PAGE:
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Unnatural disaster: super typhoon Pablo kills 1500 in the Philippines

Ruins of Cateel, Central Elementary School
LD Borromeo

December 31, 2012

Southern Mindanao lies outside of the Philippines' very wide typhoon belt. In 2011, it was hit by a category 5 typhoon which killed approximately 1500 people. On December 4, 2012, it was hit by Typhoon Pablo, another category 5 typhoon. Category 5 typhoons are referred to as super typhoons and have wind speeds in excess of 250 km/hr. The Philippine government now predicts that deaths from this latest super typhoon will once again exceed 1500.
On December 4 the initial death count – wildly inaccurate – was 42; on December 6 it was 322, and on December 21 it was 1050. Much of this is to do with the slow pace of rescue efforts: over 800 people were still missing by Christmas. Meanwhile over 2,400 families -11,680 people - are staying in 43 overcrowded evacuation centers around the country with inadequate access to medical treatment, sanitation, food and water; 711,682 families or 6,243,998 people are listed as "affected" by the typhoon. A large proportion of these casualties come from Southern Mindanao.
Global warming will mean more typhoons in general for a population whose architecture, general infrastructure, and agriculture depends on relatively calm weather. Capital internationally blocks every effort to stop climate change, but it is the poor of the developing world who will be the first to pay the price.
But to understand the severity of the crisis we need to see the context into which global warming enters. The Philippine GDP was $224.8 billion in 2011; the Davao Region – which was particularly hard hit by the typhoon – contributes just over 10.4 per cent to that total. Services are the single largest contributors to this, however mining and agriculture are important as well. Strip mining, logging and intensive agriculture have depleted the forests at the same time as they have marginalized small scale farmers and miners. These industries not only release large amounts of greenhouse gases, contributing to global warming they also increase the severity of floods and landslides by destroying the forest cover. Over the decades, these developments have pulled some out of dire poverty, pushed others into it, and, in general, mirrored the economic inequality typical of Philippine society. Naturally, the families injured by the typhoon are not seeing the wealth that they generated for the Philippines being marshaled for their aid; in fact national development has increased the dangers of "natural" catastrophes without developing a commensurate safety net. This is demonstrated by the fact that a year has passed since the last super typhoon and yet the human cost is the same.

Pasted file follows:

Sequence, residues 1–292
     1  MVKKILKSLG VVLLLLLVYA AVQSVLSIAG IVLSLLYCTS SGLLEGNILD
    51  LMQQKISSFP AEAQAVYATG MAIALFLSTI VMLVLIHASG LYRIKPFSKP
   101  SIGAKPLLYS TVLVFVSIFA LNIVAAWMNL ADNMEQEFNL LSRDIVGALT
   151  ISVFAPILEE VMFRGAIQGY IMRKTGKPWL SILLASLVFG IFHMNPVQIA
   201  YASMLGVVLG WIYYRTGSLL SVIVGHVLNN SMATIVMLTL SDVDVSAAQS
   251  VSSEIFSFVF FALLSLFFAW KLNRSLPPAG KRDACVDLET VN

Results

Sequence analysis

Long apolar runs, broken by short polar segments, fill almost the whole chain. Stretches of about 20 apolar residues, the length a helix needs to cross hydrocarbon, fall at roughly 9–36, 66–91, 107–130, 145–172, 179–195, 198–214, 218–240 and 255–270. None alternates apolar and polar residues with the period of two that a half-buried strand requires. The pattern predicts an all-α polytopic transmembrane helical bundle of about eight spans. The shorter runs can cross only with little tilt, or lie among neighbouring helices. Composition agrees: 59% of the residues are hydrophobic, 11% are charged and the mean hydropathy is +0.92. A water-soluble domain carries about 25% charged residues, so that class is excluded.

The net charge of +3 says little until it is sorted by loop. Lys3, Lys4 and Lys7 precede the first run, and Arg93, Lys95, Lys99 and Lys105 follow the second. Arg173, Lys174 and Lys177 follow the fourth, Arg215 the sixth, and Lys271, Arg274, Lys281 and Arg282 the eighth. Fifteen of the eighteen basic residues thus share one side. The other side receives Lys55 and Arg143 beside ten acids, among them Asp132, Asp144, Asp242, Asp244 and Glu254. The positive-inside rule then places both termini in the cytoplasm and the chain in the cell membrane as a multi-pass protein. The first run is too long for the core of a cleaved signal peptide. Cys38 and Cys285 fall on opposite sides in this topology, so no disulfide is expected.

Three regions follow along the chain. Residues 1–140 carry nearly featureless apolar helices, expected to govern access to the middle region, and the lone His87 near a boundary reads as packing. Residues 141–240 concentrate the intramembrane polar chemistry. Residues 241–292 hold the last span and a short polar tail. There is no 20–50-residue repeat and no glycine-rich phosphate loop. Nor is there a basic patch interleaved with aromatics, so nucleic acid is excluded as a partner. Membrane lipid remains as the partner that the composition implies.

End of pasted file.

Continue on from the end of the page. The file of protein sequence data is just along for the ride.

More than this, Mindanao is the site of an extended civil war, and is therefore one of the most heavily militarized areas of the country. Resistance fighters have declared a ceasefire in response to the typhoon, so the issue is not a lack of personnel. The fact that a single organization, the military, is tasked with both oppression and emergency relief is the issue. The military has acted for decades as legal mercenaries for the capitalists – both domestic and international – to clear communities of the Bangsamoro, indigenous peoples and peasants. The New People's Army – the armed wing of the largest Maoist organization in the country – claims that the government in Manila, with the help of American troops, is using the disaster to further attack the sovereignty of the local population by "monopolizing" aid work with various private organizations ignoring and undermining the local networks.
The inclusion of private organizations here points to another issue: the long term retreat of the state in the period of neoliberalism. There has been a steady pattern of the state abdicating responsibility in every imaginable sector of society from housing to disaster relief. It is therefore unable to provide a centrally funded and coordinated response to catastrophic events and so relies on NGOs and charitable organizations to handle the work according to whatever methods each group deems appropriate (the government is however capable of giving "regulatory relief" to adversely affected banks). This issue is exacerbated and complicated by the government's inability to work in partnership with the local peoples of Mindanao or to truly recognize their claims to sovereignty – an inability structurally determined by the current needs of Philippine capitalism.
Although the Bangsamoro and indigenous peoples have made some important gains in the past year, the truth is that global warming and the various contradictions of Philippine capitalism are going to conspire to keep the poor of Mindanao – and indeed the rest of the Philippines – vulnerable to similar catastrophes for a long time to come.

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